I've got a friend with the GWS pt17 and it's a great flyer with a brushless on there. The build is a little tricky he says, it's not so easy to get the wings at the same angle, which is of critical importance on a biplane. It will be very hard to fly if this is not just right. It kinda disuaded me from getting iot my self, because it looks awesome in the air.
If you are a good builder, I'd say go for it. Or at least get an experienced builder to help with the wings.
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Old 08-15-2007, 05:41 PM
  #7  
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Originally Posted by jasmine2501 View Post
Why retire a plane you're having "a lot of fun" with? Keep the Super Cub set up, so if you have a problem with this new one, you won't be sitting out at the field with nothing to fly. I have a Slow Stick and a Stryker that are working perfectly, and I will never harvest their parts as long as I'm still having fun with them. I have another plane I'm ready to set on fire though, and I'll definitely harvest the servos and such from that one.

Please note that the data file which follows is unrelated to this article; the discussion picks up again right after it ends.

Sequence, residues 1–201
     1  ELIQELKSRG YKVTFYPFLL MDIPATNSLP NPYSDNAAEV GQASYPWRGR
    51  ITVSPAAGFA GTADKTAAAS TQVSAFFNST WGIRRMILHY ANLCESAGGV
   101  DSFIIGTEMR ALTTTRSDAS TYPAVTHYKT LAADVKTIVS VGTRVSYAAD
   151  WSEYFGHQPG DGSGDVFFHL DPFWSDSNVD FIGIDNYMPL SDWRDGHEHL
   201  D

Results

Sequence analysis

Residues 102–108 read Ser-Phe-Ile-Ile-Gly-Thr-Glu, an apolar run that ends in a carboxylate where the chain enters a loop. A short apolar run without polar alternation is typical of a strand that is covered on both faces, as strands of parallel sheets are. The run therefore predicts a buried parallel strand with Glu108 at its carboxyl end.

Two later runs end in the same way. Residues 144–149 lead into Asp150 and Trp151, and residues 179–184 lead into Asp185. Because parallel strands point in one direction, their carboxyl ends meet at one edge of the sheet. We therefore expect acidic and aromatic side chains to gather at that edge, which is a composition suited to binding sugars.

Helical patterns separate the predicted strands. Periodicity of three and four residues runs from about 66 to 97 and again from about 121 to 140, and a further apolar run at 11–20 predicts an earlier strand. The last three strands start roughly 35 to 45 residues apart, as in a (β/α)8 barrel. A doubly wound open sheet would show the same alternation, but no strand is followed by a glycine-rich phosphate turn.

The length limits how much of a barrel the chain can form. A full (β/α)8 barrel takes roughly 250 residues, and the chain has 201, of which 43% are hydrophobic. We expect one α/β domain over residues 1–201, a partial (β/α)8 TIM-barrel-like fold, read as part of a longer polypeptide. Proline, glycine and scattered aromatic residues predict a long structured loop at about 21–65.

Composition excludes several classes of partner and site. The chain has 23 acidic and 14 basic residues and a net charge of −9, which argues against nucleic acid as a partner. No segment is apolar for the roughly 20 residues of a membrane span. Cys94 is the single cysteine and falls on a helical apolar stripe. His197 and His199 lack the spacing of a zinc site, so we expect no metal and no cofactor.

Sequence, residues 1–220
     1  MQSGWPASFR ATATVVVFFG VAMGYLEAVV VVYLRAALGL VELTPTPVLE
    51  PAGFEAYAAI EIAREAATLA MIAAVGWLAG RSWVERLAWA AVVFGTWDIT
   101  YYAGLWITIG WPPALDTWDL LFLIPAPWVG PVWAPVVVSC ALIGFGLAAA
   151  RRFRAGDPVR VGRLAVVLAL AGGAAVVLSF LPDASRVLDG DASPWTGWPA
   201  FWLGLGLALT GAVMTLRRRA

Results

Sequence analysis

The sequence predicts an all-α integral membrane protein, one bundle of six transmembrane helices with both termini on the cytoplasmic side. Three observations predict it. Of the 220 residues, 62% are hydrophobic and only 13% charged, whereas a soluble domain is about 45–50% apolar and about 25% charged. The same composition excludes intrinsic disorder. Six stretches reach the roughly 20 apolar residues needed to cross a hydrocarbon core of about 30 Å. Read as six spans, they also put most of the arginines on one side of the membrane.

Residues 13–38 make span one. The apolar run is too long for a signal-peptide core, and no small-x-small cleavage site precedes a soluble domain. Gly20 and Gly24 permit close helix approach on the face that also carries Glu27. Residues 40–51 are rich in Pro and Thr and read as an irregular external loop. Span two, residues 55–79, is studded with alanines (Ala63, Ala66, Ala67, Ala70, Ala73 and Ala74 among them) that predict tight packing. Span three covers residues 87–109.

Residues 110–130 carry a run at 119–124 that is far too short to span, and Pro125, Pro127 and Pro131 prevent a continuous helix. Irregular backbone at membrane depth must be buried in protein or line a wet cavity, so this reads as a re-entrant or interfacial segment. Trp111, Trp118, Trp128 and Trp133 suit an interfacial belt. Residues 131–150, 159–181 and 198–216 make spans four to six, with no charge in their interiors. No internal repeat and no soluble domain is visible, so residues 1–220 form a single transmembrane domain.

As for that PT17, it looks like a decent biplane, but I haven't heard good things about it. If it comes with a motor, I would try using that first, so at least you don't kill your nice brushless motor in a crash. An overpowered first flight is not a good thing... if something goes wrong, you won't have time to react. I say this from painful experience. Start slow with it, and then once you get it figured out, you can upgrade it. Biplanes fly a little better at slower speeds anyway I think.
My super cub has survived many crashes , I was able to fix it everytime. However the last crash seriously damaged the supercub that's why I thought that is time to retire it and harvest everything for another plane.